US Aviation Regulator Bans Recalled MacBook Pro Model From Flights

FAA Bans Recalled MacBook Pro Models From Flights

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The US Federal Aviation Administration (FAA) has banned the recalled MacBook Pro model from flights. You can carry the affected 15-inch MacBook Pro in flights only if its battery has been replaced or it is stored in special packaging that inhibits fires. If you happen to own the recalled MacBook Pro, you can’t take it as cargo or in carry-on baggage.

For the FAA, it’s a routine step to ban devices with recalled lithium-ion batteries from flights because they pose a fire risk. Apple told customers in June that it would recall select units of the 15-inch MacBook Pro, which had faulty batteries. The US FAA said in a statement that it was “aware of the recalled batteries that are used in some Apple MacBook Pro laptops.”

The aviation regulator has reminded all major US airlines to follow 2016 safety instructions for devices with recalled batteries. Back in July, the regulator had reminded passengers that “recalled #batteries do not fly. Avoid carrying #recalled batteries when flying until repaired/replaced per manufacturer instructions.”

The FAA said in a statement that it has issued “reminders to continue to follow instructions about recalls outlined in the 2016 FAA Safety Alert for Operators (SAFO) 16011, and provided information to the public on FAA’s Packsafe website: https://www.faa.gov/hazmat/packsafe/.”

Many international airlines have also banned the recalled MacBook Pro model. Earlier this month, the European aviation regulator reminded airlines to follow the 2017 safety rules, which require devices with recalled batteries to be turned off and not used in flights, reports Bloomberg.

Four major airlines with cargo operations managed by Total Cargo Expertise this week barred the affected MacBook Pros from flying as cargo. The airlines that implemented the ban are Air Transat, TUI Group Airlines, Air Italy, and Thomas Cook Airlines. The airport staff and flight attendants will now make announcements at the gate and before takeoff about the recalled MacBook Pro models.

It’s unclear how many MacBook Pro models were affected by the recall. Citing a Canadian air safety notice, Bloomberg reports that 432,000 MacBook Pro units sold in the US were recalled. Another 26,000 affected units were sold in Canada. There are no estimates for Europe and other markets.

Apple said in June that it had “voluntarily decided to replace affected batteries, free of charge.” Customers are free to fly with their MacBooks once they get the batteries replaced. Apple has recalled MacBook Pros that “contain a battery that may overheat and pose a safety risk.” The tech giant claims only a “limited number” of units were affected.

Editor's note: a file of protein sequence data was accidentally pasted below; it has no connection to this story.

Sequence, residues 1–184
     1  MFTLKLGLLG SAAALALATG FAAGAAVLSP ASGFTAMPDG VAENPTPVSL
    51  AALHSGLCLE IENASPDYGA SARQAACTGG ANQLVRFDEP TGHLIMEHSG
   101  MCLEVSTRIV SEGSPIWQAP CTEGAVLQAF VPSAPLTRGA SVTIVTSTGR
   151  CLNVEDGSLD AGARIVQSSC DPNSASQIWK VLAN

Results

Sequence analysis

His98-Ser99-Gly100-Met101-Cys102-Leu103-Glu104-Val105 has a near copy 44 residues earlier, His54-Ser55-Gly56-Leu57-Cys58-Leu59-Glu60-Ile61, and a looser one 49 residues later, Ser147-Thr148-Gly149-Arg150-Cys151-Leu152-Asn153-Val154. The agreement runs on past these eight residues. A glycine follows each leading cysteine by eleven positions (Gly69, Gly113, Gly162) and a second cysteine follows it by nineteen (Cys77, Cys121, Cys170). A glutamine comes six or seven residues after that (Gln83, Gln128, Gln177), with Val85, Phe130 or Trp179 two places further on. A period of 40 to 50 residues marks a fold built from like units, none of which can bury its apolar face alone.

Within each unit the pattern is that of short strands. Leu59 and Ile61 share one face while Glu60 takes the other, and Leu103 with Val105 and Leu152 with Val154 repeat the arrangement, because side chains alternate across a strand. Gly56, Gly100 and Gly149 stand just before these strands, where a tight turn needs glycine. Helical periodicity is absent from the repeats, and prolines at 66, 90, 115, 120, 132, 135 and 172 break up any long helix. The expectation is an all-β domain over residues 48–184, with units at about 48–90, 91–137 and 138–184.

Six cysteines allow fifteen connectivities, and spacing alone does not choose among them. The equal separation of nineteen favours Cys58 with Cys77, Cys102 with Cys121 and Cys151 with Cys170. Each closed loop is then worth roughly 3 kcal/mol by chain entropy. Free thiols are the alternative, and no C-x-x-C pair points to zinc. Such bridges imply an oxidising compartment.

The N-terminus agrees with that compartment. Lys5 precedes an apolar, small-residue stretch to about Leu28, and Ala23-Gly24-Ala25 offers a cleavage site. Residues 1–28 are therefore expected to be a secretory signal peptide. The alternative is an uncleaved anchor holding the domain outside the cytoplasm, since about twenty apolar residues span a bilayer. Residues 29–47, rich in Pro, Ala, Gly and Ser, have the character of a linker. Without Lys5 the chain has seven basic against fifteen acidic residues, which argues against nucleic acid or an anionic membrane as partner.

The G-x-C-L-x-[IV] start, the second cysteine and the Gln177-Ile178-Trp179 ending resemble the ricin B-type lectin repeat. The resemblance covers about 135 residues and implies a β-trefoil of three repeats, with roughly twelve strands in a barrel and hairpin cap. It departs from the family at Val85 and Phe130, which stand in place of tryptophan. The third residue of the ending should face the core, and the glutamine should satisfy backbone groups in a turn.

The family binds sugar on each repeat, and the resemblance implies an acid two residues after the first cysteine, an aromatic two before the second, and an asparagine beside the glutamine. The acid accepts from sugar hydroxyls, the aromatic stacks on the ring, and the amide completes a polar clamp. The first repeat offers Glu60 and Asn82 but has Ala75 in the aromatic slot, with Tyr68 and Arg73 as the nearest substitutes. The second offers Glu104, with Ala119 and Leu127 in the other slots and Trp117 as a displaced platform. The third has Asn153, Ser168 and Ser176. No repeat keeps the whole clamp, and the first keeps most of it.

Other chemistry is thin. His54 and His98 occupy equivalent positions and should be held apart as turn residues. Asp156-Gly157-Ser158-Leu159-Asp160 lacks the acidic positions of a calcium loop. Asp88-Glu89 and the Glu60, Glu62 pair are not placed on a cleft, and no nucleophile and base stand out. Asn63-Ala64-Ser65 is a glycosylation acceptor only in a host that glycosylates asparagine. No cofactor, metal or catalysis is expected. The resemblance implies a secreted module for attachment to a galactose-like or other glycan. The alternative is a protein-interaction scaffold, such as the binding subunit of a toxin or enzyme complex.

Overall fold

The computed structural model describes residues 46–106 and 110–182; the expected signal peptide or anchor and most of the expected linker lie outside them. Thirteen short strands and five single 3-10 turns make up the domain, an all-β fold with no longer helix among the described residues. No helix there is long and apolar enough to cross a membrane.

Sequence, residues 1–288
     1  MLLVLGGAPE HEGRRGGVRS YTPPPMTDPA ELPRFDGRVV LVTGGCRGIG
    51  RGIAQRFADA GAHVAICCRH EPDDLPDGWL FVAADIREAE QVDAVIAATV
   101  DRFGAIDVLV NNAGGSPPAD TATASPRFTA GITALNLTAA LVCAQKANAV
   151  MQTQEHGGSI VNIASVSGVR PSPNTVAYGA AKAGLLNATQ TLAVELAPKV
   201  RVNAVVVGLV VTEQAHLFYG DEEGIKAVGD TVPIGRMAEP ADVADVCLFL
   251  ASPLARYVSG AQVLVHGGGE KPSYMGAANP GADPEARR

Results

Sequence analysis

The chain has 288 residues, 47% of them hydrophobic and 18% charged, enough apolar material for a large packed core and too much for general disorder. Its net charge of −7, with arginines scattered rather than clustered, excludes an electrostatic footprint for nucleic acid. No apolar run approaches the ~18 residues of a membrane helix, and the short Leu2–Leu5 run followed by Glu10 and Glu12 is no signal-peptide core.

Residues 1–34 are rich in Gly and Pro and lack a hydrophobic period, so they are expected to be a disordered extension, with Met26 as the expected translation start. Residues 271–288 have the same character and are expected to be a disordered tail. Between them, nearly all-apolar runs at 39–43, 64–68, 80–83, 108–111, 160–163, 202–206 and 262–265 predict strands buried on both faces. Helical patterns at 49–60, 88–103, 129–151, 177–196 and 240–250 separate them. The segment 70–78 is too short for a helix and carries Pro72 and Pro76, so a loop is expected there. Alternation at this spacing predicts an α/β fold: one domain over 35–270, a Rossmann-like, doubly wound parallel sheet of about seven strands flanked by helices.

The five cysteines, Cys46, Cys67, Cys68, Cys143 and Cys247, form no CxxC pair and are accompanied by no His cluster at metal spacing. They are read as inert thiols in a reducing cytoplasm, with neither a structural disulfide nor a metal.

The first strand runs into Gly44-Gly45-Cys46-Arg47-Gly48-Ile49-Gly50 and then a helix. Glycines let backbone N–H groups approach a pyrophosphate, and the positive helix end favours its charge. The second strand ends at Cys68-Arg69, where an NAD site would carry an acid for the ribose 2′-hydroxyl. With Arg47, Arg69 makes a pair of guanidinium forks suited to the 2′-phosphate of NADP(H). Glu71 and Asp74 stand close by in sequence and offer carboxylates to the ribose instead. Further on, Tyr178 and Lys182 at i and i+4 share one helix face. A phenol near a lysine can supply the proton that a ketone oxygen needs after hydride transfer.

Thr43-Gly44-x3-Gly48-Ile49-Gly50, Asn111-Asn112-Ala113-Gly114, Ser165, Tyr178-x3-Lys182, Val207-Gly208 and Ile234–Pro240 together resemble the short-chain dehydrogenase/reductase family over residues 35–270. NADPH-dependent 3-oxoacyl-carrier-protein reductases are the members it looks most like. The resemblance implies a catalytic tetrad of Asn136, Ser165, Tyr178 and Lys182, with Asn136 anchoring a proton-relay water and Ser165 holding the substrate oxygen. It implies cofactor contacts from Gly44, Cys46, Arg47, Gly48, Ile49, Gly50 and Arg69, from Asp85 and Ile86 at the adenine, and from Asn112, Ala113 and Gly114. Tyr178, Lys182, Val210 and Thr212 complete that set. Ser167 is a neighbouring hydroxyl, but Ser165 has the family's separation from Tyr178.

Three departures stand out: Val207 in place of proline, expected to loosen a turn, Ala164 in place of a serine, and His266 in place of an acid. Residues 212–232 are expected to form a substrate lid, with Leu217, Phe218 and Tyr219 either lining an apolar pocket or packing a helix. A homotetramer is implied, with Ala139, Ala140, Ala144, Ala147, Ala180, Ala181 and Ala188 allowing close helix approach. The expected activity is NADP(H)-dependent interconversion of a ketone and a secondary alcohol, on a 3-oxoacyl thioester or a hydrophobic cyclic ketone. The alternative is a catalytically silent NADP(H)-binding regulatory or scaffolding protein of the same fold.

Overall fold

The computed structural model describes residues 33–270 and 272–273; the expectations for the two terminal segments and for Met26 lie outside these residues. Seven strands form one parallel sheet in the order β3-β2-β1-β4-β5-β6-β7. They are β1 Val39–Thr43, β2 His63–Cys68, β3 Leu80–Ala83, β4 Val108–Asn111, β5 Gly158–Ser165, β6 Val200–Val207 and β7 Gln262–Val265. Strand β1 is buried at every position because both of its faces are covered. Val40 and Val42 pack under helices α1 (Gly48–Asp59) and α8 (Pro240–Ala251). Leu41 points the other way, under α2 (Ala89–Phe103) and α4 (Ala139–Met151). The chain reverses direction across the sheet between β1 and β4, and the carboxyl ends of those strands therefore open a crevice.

The laptops with faulty batteries were sold between September 2015 and February 2017. It’s the “Mid-2015” model of Retina MBP and you can find its specs here. If you purchased a 15-inch MacBook Pro with Retina display between these dates, head over to Apple’s support website and enter your device’s serial number to see if your Mac is eligible for battery replacement.

If your older MacBook Pro is eligible for battery replacement, you have to send it to an Apple repair center to get the battery replaced. Fixing the issue could take up to two weeks, but thanks to the new battery, it could last longer than it was originally supposed to.

It will be difficult for regulators and airline employees to identify which MacBook Pro has a faulty battery and which one is good enough to be carried in flights. Only a “limited number” of MacBook Pros sold between September 2015 and February 2017 have overheating batteries. The MacBooks Pros with safe and faulty batteries have the same design.

The MacBook Pro is not the only device that has been banned by regulators from flights due to faulty batteries. A few years ago, Samsung’s Galaxy Note 7 smartphone was banned by most major airlines across the globe after multiple incidents of its batteries exploding and catching fire. Samsung had to set up temporary stores at airports to get Galaxy Note 7 owners to exchange their phones with another Samsung phone.

Meanwhile, Apple is reportedly planning to launch a larger 16-inch MacBook Pro and a refreshed 12-inch MacBook later this year. According to TF International Securities analyst Ming-Chi Kuo, the tech giant has been working on the 16-inch MacBook Pro for quite a while. Apple recently  registered as many as seven new MacBook models with the Eurasian Economic Commission (EEC), suggesting the launch of new MacBooks is imminent.